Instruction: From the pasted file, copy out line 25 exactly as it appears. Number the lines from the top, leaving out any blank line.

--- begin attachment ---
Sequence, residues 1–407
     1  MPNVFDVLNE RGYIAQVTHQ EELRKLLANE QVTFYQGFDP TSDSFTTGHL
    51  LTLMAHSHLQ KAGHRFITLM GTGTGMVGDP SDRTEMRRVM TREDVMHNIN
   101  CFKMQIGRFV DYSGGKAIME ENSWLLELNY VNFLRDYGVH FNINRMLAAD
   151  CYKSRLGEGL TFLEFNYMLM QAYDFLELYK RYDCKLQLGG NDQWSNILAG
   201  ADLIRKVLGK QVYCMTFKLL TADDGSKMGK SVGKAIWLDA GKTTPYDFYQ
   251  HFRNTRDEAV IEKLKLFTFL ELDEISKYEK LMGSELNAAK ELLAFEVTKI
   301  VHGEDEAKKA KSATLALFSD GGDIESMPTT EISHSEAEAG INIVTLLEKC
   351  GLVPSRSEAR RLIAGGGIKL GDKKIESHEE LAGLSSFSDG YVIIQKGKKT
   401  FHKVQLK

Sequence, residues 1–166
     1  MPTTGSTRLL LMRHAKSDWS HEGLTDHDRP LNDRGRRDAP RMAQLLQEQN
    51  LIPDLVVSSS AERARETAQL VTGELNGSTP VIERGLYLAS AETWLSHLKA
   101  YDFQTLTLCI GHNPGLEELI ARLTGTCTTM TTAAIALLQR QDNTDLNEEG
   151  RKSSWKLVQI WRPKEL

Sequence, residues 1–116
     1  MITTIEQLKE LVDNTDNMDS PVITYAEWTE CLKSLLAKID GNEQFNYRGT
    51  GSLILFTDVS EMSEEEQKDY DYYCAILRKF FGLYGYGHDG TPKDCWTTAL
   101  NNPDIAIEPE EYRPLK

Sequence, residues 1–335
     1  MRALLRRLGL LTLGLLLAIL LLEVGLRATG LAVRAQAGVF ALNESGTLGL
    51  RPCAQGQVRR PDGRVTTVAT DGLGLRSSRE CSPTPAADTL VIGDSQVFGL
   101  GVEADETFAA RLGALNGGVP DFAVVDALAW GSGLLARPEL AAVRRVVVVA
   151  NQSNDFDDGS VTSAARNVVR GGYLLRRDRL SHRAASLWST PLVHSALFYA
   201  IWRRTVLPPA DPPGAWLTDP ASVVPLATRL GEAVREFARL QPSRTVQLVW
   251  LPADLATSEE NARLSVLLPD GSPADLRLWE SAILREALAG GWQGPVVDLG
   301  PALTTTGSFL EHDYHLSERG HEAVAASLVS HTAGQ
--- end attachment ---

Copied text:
   201  IWRRTVLPPA DPPGAWLTDP ASVVPLATRL GEAVREFARL QPSRTVQLVW